WASHINGTON (Reuters) – U.S. Treasury Secretary Janet Yellen said the United States expected China to meet its commitments under the Phase 1 trade deal signed under former President Donald Trump, but could look at eventually lowering some tariffs in a reciprocal way.
Yellen told Reuters in an interview that tariffs tend to boost domestic prices and raise costs to consumers and to firms from inputs such as aluminum and steel, which meant lowering tariffs would have a “disinflationary” effect.
The Treasury secretary and other officials insist that the current spike in prices in the United States is a result of supply chain bottlenecks and higher energy prices, but say inflation should ease in the second half of 2022.
Chinese officials have repeatedly urged the Biden administration to rescind tariffs imposed under Trump.
U.S. officials have resumed an exclusion process that could lead to some tariffs being removed, but have not looked at broader rollbacks thus far.
Asked if tariffs imposed on Chinese goods could help ease inflationary pressures, Yellen said that was generally the case, but Washington was also waiting for China to make good its pledge to buy $200 billion in additional U.S. goods and services under the trade agreement that took effect in February 2020.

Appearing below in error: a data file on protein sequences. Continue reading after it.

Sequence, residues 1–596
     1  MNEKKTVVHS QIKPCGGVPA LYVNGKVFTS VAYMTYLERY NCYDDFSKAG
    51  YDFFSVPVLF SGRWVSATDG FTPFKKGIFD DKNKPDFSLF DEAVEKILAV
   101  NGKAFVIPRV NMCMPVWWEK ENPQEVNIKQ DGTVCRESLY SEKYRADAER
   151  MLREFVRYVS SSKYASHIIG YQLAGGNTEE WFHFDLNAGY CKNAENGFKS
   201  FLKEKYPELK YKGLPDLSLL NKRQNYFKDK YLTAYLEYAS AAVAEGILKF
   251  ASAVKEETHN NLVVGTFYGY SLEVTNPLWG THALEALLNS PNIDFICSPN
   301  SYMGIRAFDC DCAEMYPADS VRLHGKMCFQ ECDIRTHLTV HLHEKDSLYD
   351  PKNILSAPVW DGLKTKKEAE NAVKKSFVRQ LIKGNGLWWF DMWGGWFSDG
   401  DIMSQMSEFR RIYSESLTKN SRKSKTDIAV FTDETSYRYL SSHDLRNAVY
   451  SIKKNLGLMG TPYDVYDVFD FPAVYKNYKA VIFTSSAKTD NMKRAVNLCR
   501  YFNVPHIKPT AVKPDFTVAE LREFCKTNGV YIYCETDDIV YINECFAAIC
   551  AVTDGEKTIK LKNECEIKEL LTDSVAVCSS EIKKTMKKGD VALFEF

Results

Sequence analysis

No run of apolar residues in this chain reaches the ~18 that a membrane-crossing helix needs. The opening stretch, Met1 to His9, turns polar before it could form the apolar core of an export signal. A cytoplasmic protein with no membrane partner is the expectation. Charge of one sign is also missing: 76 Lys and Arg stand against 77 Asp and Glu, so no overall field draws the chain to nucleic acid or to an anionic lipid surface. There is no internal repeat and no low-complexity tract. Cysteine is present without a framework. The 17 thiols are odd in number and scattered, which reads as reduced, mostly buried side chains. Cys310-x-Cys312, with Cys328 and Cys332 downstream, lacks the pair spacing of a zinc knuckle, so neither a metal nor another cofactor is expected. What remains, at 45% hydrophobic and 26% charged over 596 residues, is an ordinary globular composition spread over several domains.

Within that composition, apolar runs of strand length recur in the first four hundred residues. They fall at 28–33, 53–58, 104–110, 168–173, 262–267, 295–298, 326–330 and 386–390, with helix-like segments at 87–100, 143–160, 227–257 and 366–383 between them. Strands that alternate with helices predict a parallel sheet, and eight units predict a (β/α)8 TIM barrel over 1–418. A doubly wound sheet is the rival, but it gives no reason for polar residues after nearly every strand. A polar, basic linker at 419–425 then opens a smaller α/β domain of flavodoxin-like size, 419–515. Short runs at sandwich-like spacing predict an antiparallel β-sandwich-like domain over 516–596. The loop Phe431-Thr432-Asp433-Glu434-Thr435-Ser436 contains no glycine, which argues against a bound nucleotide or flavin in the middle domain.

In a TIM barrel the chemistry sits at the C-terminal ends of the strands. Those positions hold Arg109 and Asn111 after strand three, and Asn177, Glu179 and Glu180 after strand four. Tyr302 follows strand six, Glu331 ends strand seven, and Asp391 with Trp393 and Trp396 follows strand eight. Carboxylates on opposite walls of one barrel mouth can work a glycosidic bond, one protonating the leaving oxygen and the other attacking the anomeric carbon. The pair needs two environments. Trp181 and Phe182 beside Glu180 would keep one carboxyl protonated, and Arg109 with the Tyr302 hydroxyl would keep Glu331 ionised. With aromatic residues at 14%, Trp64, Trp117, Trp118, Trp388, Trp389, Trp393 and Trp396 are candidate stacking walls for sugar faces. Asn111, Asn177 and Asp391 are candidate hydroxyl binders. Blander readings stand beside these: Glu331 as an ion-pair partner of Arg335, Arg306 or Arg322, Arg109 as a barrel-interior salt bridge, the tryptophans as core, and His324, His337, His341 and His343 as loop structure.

“Our trade representative has said that we would consider additional tariffs reductions,” she said. “We want to see China meet their commitments they made under Phase 1, but stabilizing and perhaps eventually lowering some tariffs in a reciprocal way could be a desirable outcome.”
U.S. and European officials on Saturday announced a deal removing some tariffs on European steel and aluminum, and said the move could help ease price pressure facing some manufacturers.
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